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Fact Sheet: Gaza Students Anxious to Complete Their Educations in the West Bank, 14 June 2012

14-06-2012 00:00

Gaza’s 5 years lost:  Education on hold for Gaza’s University students Thirteen years ago, Gaza student Andaleeb Adwan started her Master degree in Gender Studies from the University of Birzeit in the West Bank.
Today, she is yet to complete it.
It’s nor slowness, neither weak academic skills that explains the stalemate of her academic path.
Rather, Andaleeb’s Gender education has been put on hold from 2000 onwards, following an Israeli decision that imposed a blanket ban preventing students and professors from Gaza to study in the West Bank.
 “I completed a third of the total courses in the summer 1999, before the ban entered in force”, said Andaleeb, “and I have not been to resume the classes ever since.
”  Unlike other frequent cases where Israeli authorities denied permission outside the Gaza Strip, claiming it does so based on security reasons; security officials never made allegations that Andaleeb poses any threat to Israel’s security.
She actually travelled to the West Bank several times over the past years.
But that was never enough to resume her studies.
 “I specifically wished to study Gender matters, as I believe it could benefit the Gazan society as a whole” says Andaleeb.
  “If other women would have been able to study Gender in the West Bank, it would have had a great impact on the feminist movement, and perhaps encouraged others, and leading to an improvement of the legal status of women in Gaza”, she regrets.
The curriculum Andaleeb selected is not available in Gaza.
“The higher education system in Palestine was conceived as unitary, assuming that students would always move between cities for study.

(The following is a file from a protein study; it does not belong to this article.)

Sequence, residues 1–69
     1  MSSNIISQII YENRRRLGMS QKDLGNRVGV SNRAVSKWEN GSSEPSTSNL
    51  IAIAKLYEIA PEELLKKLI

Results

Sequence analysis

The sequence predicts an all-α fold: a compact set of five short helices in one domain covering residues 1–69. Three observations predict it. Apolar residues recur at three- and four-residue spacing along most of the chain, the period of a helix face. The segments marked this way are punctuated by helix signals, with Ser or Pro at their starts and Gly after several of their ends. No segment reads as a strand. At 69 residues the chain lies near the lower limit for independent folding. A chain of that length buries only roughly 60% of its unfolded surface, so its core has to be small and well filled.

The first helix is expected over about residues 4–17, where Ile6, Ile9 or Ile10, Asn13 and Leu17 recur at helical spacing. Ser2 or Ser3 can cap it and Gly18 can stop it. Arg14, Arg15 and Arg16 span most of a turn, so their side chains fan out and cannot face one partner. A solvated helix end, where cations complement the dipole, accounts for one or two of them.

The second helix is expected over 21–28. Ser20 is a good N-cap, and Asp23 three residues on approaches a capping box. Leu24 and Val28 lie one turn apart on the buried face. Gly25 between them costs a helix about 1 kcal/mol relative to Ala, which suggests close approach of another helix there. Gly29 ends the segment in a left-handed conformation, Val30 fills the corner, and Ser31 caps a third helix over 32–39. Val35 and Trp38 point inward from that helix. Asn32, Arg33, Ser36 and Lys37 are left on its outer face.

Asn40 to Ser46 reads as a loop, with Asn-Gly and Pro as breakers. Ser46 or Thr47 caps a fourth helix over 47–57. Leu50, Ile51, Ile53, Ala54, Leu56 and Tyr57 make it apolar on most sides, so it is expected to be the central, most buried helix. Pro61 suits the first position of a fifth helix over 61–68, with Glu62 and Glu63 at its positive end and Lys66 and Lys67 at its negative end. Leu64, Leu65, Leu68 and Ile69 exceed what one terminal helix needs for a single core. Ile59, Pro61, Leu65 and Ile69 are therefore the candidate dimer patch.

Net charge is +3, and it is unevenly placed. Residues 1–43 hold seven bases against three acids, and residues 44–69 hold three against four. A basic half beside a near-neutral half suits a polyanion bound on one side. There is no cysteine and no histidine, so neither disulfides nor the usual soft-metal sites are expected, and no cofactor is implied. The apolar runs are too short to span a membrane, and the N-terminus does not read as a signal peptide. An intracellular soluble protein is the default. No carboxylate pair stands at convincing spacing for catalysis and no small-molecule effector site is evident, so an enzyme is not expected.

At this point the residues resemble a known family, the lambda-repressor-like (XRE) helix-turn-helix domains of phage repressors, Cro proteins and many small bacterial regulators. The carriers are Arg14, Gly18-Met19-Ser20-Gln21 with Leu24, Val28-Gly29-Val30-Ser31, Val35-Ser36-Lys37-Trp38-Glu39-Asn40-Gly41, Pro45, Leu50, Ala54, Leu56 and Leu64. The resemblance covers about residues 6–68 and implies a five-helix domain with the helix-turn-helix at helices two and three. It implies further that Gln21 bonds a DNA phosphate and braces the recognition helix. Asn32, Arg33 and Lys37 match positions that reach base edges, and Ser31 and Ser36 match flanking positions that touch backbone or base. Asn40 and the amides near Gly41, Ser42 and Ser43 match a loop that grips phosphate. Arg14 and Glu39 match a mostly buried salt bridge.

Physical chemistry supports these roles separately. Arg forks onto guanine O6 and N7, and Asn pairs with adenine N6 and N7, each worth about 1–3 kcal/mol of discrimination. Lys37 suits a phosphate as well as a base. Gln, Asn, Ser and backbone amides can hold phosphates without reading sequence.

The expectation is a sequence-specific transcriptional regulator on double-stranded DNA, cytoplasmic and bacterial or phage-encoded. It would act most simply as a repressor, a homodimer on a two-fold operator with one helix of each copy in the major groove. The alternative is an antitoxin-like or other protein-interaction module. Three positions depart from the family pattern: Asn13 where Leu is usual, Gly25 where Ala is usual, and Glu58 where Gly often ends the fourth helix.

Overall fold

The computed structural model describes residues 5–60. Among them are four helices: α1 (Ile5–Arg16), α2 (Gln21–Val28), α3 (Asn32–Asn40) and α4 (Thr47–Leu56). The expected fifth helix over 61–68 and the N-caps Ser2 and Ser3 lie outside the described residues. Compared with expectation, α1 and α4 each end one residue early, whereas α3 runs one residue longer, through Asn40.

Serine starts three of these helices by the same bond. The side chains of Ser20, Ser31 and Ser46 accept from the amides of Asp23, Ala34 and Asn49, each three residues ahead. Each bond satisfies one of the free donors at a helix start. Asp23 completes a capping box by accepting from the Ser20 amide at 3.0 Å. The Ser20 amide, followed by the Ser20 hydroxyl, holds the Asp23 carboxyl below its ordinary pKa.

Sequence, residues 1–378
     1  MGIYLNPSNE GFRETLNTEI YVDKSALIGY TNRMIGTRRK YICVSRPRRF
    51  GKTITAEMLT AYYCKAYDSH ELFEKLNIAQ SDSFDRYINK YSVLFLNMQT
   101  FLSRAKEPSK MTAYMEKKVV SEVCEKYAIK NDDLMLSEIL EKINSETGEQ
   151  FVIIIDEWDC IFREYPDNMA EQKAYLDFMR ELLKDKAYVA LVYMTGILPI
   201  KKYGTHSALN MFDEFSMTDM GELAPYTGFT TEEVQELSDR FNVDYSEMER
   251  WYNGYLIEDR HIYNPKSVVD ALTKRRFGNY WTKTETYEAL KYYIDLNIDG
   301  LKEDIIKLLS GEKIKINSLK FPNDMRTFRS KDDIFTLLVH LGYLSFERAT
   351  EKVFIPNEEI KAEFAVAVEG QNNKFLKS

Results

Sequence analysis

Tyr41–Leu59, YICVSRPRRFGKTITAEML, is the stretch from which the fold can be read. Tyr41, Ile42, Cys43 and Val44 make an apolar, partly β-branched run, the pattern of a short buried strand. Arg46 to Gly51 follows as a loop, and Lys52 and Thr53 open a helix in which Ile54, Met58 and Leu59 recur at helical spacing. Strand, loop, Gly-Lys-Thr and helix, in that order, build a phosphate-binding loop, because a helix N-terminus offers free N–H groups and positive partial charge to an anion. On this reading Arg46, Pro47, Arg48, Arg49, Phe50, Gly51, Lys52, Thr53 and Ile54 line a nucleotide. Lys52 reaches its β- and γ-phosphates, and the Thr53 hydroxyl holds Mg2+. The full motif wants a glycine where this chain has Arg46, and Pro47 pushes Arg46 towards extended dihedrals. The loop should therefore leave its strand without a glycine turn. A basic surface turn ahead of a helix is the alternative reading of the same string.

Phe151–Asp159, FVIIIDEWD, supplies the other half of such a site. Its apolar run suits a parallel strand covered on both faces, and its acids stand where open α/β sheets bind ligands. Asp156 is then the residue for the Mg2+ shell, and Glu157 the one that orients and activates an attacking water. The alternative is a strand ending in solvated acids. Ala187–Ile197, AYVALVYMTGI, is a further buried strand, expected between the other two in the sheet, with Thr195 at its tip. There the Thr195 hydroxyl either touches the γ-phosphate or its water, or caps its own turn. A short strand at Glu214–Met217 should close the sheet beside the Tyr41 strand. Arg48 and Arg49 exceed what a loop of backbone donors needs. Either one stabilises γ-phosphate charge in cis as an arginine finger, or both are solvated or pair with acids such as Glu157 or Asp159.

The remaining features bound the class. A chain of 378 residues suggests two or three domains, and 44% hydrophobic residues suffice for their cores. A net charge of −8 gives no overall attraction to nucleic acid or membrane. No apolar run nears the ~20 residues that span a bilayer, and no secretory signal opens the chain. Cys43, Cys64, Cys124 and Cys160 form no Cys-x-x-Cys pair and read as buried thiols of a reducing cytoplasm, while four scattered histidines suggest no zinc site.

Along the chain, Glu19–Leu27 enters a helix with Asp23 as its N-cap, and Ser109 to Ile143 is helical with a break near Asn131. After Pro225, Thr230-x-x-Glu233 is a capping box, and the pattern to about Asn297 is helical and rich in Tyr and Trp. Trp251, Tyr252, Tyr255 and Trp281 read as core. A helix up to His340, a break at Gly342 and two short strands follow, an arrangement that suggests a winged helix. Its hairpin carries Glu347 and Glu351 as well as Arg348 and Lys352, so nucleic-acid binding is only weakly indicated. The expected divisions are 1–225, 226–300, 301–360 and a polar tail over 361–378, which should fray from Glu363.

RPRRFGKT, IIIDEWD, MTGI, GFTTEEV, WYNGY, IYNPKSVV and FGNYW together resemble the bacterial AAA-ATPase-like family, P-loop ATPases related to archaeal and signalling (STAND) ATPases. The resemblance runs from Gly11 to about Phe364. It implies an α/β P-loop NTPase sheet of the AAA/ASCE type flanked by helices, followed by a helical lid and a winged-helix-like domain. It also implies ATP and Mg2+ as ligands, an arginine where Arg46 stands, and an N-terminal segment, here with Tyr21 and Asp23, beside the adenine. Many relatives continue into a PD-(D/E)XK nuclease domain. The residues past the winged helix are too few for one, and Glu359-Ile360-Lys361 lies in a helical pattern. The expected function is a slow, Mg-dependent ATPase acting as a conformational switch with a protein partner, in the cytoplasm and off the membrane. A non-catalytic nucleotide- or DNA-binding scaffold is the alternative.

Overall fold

But that was before the closure policy”, explains Mahmoud Abu Rahma from Al Mezan Human Rights Centre in Gaza which provides legal advice to students in her case.
“Today, certain courses are only available at West Bank universities and others only in the Gaza Strip, meaning that students cannot freely choose what they want to study due to the Israeli ban on academic travel.
” Along with four female students, Andaleeb filed a lawsuit in the Israeli Supreme Court.
She aims to challenge the policy that arbitrarily deprives Gazan students of their right to education and freedom of movement, and open the door to the next generation.
  On 23 May 2012, the Israeli Supreme Court ordered the Israeli army to reconsider the ban on the entry of Gazan students into the West Bank and issue a decision within 45 days.
Background: Since 2000, Israel has imposed a blanket ban on students and professors from Gaza studying at or even visiting universities in the West Bank.
  The ban is applied despite a 2007 recommendation by the Israeli Supreme Court that allows Gazan students to study in the West Bank, in situations where their studies are likely to have positive human implications.
This has had serious negative consequences for the youth in Gaza, as well as universities, the academic sector, and Palestinian society as a whole.
  The official Israeli policy, in place since 2000, at issue in the lawsuit dictates the denial of Gaza Strip students’ permits to enter the West Bank to attend Palestinian universities.
To known more about the case of Gaza university students: Al Mezan Centre for Human Rights in Gaza (Diakonia partner organisation in Gaza) Mahmoud Abu Rahma mahmoud@mezan.

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